Proposed Solar Amendment Garners Strong Opposition, Support
Solar energy is the reason for a lot of boots on the ground this session – or high heels and loafers really, as lawmakers, activist and lobbyists swarm the Capitol to share their views.
Solar panels are concerning because if a person installs them on their roof and their house catches on fire, the panels could release carcinogens – That’s an argument made by the group Citizens Alliance for Responsible Energy in a recently releasedreporton solar power. Marita Noon authored the report entitled Solar Power in the U.S. Lessons learned and Guidance for Policymakers.
“It’s not that I’m not pro solar. I am opposed to the government subsidies and mandates that give solar an unfair advantage,” Noon says.
Noon says solar isn’t everything a person might think it is.
“There’s a case listed in the paper from my home state of New Mexico, where the person who has put the solar panel on her home is excited that she has these solar panels on her home and that the payment that she’s making for these solar panels on her home is only a little bit more than her electric bill,” Noon says.
Noon says solar panels aren’t financially beneficial—or not unless government subsidies are involved. She says the woman in the previous example benefited from subsidies.
“My taxes are paying for her to have solar panels on her roof when I can’t afford to have solar panels on my roof. I mean I looked into it," Noon says.
And while Noon says she doesn’t think the government should be picking winners and losers by providing solar subsidies or requiring a certain percentage of a utility’s energy portfolio to contain solar power, Sen. Dwight Bullard (D-Miami) is pushing a plan to help low income Floridians install solar panels.
“We see too often electric companies take advantage of low income and middle income families,” Bullard says.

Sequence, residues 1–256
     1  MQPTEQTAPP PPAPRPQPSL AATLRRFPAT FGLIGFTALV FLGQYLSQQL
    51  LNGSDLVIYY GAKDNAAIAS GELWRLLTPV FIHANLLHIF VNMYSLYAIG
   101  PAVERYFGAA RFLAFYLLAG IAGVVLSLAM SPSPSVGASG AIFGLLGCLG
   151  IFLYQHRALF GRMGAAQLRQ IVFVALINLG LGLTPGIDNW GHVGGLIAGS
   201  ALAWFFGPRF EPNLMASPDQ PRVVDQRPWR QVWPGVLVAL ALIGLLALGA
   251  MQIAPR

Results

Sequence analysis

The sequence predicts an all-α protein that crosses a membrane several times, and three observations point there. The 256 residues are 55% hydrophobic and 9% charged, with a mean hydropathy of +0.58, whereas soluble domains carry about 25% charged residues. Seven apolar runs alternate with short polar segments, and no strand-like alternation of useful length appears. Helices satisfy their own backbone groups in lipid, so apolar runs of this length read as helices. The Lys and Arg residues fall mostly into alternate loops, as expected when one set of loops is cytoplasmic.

Bullard says he can help to give those families independence and low utility bills by helping them go solar. But Bullard’s bill isn’t moving fast. It’s about the halfway point of session and the measure hasn’t gotten a hearing yet. In fact, most of the solar related legislation filed this session doesn’t appear to be moving. So why are groups like CARE sending representatives like Noon to Florida? Susan Glickman with the Southern Alliance for Clean Energy says she thinks they’re worried about a proposed constitutional amendment her group is helping to push – although Noon’s paper never directly mentions Florida’s solar initiative.
To make it clear, Noon and Glickman are on opposite sides of the solar argument. Glickman disagrees with almost every argument Noon made. From concerns about government subsidies
“The amendment language does absolutely nothing to pick winners and losers.” Glickman says.
To concerns about the costs a consumer who installs solar might face.
“When you lock into a purchase price or even a lease in a financing way you’re going to end up with 20 years of free electricity. Because we’re seeing pay off periods now that are right around six years for commercial properties,” Glickman says.
Meanwhile, that proposed constitutional amendment is moving forward. It lets businesses and property owners who install solar panels to sell a limited amount solar energy to people on the same or neighboring properties. Glickman says the idea is to increase competition for energy providers.
“Florida is one of only have states that expressly prohibits the sale of electricity. So the Floridians for solar choice ballot initiative would open up the opportunity to sell electricity up to two megawatts. So, a grocery store like a Wal Mart of a Publix could sell to a dry cleaner or another contiguous property such as a restaurant,” Glickman says.
Those in support of the amendment have collected more than enough signatures to get the proposal on the ballot in 2016. It’s awaiting ballot language approval from the Florida Supreme Court.